screen time

‘There is a silent tragedy right now, in our homes, and it concerns our most precious jewels – our children.’: Occupational therapist addresses child mental illness epidemic, ‘We have to wake up!’

“I have witnessed this tragedy unfolding right in front of my eyes. Our children are in a devastating emotional state! No, ‘they all are just born like this’ is not the answer. No, ‘it is all the school system’s fault’ is not the answer. As painful as it can be to admit, in many cases, WE, parents, are the answer to many of our kids’ struggles! We must make changes before this entire generation of children will be medicated.”

‘Social media was NOT designed for children. I can’t imagine a worse time to access it than middle school.’: Mom urges us to restrict social media access, ‘don’t give that smartphone power in your home’

“Middle school kids. Your daily parenting may include statements like, ‘If you can’t say anything nice, don’t say anything at all!’ ‘How many times do I have to tell you not the use that word?’ ‘What were you thinking?!’ Then, it happens. We cave. We give them our old phone. Something we haven’t thought about. We aren’t prepared for it.”

‘Hand them over.’ I asked her why. ‘You-guys-are-on-them-too-much.’ Say what? Us guys? Us?’: Mom stunned when 16-year-old ‘budding Instagram model’ daughter insists on no screen time at dinner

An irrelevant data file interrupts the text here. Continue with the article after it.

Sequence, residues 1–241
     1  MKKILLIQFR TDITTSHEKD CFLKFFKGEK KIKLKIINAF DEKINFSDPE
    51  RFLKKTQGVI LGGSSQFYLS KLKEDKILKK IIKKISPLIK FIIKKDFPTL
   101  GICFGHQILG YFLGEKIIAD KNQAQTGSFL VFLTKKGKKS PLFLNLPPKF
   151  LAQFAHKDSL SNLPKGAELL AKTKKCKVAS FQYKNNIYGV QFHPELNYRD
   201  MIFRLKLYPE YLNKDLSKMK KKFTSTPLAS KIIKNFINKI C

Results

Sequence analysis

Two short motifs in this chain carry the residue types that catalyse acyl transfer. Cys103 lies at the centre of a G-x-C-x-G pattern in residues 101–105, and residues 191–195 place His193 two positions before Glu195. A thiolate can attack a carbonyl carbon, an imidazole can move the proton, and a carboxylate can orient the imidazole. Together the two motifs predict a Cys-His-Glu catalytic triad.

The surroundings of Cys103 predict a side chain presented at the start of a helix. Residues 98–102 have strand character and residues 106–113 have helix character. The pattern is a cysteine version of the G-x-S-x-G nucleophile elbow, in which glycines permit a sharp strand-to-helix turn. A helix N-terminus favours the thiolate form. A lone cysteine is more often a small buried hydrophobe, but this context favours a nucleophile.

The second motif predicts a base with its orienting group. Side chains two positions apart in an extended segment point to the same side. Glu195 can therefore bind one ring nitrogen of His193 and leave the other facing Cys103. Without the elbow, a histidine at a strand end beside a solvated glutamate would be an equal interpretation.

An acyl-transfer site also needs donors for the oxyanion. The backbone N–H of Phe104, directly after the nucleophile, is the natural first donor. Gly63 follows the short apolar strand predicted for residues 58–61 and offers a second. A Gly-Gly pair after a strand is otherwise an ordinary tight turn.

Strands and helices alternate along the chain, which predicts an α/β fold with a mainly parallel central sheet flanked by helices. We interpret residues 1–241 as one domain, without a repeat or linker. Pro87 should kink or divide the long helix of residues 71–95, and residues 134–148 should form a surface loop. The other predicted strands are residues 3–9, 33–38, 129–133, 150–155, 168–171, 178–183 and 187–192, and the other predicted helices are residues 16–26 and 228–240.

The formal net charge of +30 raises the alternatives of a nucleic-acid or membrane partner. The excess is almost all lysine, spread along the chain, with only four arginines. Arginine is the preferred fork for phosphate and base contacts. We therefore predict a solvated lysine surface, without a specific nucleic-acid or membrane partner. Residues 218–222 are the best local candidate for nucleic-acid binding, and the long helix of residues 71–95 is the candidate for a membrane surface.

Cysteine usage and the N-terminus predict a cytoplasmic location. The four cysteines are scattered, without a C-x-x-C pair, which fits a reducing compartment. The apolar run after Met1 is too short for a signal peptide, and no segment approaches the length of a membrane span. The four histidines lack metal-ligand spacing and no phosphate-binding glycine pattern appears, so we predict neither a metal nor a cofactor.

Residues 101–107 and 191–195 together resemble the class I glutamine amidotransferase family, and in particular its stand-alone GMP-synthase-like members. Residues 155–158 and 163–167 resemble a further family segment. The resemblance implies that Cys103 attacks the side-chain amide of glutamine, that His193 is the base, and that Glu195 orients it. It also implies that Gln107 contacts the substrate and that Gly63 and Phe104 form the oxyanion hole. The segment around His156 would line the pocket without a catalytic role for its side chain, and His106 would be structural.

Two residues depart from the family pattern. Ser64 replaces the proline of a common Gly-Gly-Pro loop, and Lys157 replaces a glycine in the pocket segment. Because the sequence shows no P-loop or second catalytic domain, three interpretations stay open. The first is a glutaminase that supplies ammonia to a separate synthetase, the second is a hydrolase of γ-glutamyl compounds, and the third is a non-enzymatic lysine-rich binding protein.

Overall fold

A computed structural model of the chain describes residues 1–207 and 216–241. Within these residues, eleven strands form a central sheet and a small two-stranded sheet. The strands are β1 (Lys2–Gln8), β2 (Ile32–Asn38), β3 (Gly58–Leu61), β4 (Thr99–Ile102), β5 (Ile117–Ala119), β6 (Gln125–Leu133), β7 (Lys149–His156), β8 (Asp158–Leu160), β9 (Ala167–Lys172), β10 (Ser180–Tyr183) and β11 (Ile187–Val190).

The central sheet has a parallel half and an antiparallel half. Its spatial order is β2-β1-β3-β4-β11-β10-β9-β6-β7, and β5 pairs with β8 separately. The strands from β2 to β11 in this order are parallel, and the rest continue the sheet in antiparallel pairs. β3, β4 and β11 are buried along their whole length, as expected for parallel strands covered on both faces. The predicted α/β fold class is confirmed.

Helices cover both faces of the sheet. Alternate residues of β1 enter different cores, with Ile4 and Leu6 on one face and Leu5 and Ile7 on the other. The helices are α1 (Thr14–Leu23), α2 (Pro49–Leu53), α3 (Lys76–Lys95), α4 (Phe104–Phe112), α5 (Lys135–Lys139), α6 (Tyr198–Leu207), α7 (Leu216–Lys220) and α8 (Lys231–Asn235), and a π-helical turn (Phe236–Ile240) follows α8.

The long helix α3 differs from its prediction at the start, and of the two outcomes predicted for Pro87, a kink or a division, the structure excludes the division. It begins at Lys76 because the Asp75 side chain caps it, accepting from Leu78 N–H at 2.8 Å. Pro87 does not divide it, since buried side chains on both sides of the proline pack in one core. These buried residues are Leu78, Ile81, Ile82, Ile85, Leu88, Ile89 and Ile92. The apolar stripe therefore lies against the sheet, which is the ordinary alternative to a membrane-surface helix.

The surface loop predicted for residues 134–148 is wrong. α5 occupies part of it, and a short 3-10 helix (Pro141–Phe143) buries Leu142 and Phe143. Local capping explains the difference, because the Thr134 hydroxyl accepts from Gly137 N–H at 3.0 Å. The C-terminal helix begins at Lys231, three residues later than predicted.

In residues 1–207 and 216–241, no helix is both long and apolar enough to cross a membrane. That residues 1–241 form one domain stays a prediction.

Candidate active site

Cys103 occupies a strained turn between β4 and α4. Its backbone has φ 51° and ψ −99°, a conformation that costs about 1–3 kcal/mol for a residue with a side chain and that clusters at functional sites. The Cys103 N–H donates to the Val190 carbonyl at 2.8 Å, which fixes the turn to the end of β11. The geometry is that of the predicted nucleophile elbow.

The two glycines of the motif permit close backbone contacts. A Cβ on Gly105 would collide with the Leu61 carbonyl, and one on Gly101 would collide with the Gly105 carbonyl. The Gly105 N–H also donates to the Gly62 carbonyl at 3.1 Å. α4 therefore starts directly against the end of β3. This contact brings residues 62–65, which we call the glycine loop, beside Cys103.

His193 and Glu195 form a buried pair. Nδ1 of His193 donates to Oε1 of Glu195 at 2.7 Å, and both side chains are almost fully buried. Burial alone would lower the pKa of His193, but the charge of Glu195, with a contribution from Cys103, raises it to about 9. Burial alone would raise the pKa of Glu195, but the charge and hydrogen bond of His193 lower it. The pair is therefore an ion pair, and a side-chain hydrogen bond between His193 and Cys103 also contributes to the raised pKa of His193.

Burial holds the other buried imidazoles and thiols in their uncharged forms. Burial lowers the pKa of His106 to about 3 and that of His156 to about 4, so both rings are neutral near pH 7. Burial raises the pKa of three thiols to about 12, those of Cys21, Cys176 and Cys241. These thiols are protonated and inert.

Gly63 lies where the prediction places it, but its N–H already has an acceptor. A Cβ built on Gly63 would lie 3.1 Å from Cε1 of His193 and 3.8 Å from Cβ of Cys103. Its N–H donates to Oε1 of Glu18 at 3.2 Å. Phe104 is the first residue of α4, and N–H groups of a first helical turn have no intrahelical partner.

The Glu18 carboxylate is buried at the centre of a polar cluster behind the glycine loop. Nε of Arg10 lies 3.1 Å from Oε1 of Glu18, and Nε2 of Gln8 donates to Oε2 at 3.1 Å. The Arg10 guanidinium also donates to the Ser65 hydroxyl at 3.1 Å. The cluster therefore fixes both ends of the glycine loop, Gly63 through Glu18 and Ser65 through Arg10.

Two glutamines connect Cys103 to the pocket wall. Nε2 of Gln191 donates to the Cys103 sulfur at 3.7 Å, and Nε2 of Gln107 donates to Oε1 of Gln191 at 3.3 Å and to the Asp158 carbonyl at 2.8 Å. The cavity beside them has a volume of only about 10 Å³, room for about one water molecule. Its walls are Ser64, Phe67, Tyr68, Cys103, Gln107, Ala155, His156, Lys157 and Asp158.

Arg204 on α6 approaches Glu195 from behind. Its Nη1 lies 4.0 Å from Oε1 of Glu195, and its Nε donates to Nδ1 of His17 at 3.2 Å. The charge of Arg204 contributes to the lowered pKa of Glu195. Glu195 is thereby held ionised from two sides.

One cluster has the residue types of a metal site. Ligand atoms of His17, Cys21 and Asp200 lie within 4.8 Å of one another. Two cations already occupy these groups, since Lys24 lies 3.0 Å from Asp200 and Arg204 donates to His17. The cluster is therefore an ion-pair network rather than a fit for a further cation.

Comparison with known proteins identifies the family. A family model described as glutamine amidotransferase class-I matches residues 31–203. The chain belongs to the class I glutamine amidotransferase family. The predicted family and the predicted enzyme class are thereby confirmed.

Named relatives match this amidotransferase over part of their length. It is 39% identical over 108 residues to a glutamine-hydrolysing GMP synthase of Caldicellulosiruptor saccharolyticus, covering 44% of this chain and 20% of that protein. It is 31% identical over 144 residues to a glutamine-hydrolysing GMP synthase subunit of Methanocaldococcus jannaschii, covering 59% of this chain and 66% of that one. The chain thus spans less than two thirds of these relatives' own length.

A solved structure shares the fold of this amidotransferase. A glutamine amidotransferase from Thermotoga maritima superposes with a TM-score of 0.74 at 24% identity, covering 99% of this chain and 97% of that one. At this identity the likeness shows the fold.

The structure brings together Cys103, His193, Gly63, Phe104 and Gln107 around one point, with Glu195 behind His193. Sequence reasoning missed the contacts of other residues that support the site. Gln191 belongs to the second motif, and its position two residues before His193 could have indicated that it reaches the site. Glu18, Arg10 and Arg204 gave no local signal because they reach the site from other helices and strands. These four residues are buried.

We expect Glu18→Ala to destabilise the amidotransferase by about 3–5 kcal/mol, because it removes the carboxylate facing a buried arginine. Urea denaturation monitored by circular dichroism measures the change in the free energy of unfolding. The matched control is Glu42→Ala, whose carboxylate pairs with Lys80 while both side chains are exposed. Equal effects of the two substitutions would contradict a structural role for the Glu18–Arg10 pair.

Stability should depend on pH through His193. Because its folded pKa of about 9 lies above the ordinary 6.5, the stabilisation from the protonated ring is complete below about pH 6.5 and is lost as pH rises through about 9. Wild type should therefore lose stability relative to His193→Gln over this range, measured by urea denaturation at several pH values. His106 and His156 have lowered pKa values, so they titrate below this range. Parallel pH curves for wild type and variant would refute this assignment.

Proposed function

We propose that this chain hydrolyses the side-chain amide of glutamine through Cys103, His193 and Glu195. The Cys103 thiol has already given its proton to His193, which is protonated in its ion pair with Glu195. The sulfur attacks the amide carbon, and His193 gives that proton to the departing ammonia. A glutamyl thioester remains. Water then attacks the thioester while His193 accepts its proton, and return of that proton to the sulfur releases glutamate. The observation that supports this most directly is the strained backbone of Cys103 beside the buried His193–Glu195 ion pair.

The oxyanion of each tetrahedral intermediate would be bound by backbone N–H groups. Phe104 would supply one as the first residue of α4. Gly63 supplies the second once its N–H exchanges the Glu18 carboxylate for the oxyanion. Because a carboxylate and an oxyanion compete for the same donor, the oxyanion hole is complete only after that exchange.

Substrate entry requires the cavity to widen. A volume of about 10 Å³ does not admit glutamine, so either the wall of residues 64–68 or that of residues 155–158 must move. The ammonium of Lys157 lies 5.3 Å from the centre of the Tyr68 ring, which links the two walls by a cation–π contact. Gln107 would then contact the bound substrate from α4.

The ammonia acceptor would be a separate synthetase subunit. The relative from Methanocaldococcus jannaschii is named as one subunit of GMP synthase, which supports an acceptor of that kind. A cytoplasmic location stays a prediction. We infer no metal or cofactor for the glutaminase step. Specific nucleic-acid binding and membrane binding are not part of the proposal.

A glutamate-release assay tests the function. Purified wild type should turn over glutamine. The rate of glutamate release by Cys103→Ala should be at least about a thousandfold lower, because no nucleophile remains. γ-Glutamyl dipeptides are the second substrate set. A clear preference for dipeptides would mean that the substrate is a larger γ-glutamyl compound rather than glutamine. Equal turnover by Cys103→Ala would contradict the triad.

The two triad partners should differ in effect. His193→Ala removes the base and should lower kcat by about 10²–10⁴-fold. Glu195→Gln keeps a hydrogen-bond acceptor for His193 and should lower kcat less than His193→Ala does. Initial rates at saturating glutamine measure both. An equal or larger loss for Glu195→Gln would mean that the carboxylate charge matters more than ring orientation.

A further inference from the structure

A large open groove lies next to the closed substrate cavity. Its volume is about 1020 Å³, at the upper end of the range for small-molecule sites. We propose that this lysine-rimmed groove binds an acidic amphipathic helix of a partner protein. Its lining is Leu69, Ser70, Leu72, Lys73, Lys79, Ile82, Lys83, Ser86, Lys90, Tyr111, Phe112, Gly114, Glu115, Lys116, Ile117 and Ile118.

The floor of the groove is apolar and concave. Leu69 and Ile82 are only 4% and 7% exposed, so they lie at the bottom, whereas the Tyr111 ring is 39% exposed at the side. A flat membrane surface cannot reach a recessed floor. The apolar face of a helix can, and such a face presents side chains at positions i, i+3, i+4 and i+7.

“My 16-year-old daughter pointed to each of us. She put out her hand, palm up. No lie, I was confused. Why did she have her hand out? Did she want a high-five? Was she looking for money? There had to be something wrong. She placed them on the table, screen down, and then made eye contact with us. I mean, ACTUAL eye contact. I stared at her, hanging onto every-single-word.”

‘Whoa,’ he whispers, unwrapping his present. ‘Isn’t he a little young?’ His mom asks, apprehensive.’: Boy gifted iPhone for birthday ‘grows up too fast,’ was a ‘child last year,’ suddenly he’s not

“Noah’s eyes widen. He’d almost forgotten about presents. ‘Which one should I open first?’ It’s a small rectangular box. Noah pulls off the paper. ‘Whoa,’ he says, staring at the white box on the carpet. iPhone 7. He can’t believe it. His parents both have smartphones, so do a lot of kids at school. He’s so excited, he barely notices his grandparents get up to leave. ‘Oh,’ he says absentmindedly, ‘Bye.’”

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